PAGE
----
Diversity in the City: Shantay Armstrong

As a Black, Master of Urban Planning student at Hunter College, I am interested in the specific ways that people of color experience cities and how planning intersects with race and gender. I’m also interested in exploring ways that vulnerable populations can be actors in creating more sustainable communities rather than being objects of sustainability research and planning.

This series of interviews with New Yorkers of color seeks to both explore these issues and to capture personal narratives of individual experiences related to community equity and sustainability.

Name: Shantay Armstrong
Neighborhood: Flatbush, Brooklyn
What do you do: Parent Coach @ Harlem Children’s Zone; Writer

My Green
What the heck does sustainability mean? I’m not sure actually, I think being able to live healthy and happy. Yes I do care if that’s what it means.

Would you consider yourself “green”? Yes, we have compost in our apt. and recycle and care about the earth because we and the earth are reflections of one another; when one lives, the other lives.

What do you do with your plastic bags? Save them – use them for garbage bags.

Do you recycle? Yes because I love my Mother Earth and am against useless waste.

Why would anyone want to have a garden? To grow one’s own organic fruits and veggies, to be satisfied by touching Mother Nature and giving back to land, to receive the blessings of the land, to become more grounded, to profit by selling organic foods that help other’s thrive.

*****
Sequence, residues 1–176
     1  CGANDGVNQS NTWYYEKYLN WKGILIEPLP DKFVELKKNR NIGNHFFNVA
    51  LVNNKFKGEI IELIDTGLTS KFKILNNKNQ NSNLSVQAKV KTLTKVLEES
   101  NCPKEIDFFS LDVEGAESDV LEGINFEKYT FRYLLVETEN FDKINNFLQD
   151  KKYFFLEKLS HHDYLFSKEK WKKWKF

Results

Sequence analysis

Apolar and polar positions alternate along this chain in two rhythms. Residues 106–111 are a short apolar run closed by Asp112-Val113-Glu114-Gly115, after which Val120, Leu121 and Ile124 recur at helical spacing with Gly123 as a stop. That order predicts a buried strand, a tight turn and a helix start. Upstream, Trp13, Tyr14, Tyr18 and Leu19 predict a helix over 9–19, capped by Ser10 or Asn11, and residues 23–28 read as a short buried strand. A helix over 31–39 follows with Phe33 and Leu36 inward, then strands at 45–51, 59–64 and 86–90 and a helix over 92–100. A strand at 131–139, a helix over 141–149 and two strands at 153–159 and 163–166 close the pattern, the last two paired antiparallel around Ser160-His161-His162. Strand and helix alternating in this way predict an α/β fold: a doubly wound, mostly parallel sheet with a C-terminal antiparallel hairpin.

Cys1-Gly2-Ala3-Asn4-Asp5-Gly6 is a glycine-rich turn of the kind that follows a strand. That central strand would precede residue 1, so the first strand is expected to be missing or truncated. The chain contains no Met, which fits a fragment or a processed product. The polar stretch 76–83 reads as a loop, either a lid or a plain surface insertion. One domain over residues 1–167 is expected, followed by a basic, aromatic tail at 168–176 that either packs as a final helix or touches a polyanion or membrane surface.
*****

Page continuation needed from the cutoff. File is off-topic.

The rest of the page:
Are bike lanes important to you? Why or why not? I think bike lanes are a good idea but I don’t particularly need them since I don’t ride a bike or drive

My Community
What makes your hood dope? Its full of Caribbean Americans and fresh produce and Caribbean food.

What makes it wack? Poverty, fast food, cops

What would your ideal open space include/consist of/look like? I love Prospect Park, but I’d love

to live by open plains or a farm

What does your community look like? Mostly apartment buildings being gentrified, bodegas, 2 main avenues with stores and supermarkets and grocery stores

Do you consider your community gentrified? Yes, and its in

the process of being gentrified. Gentrification began in Flatbush about 8 years ago. Growing up here it was all Black people, now it’s very diverse, stores have closed down, rents are changing, stored carry (some) different items, white people walk their dogs, but Caribbean Americans still account for maybe about half of the population. It’s changing.

Who are the gentrifiers? What are the signs of gentrification? Class, race, white families, mixed race families, young people, dogs being walked.

Does gentrification matter to you? Yes, I can’t stand gentrification. It’s disrespectful and a micro form of colonization.

Come back on May 2 for the next installation!

If you would like to be profiled in “Diversity in the City”, send an email to: mopierre@hunter.cuny.edu.




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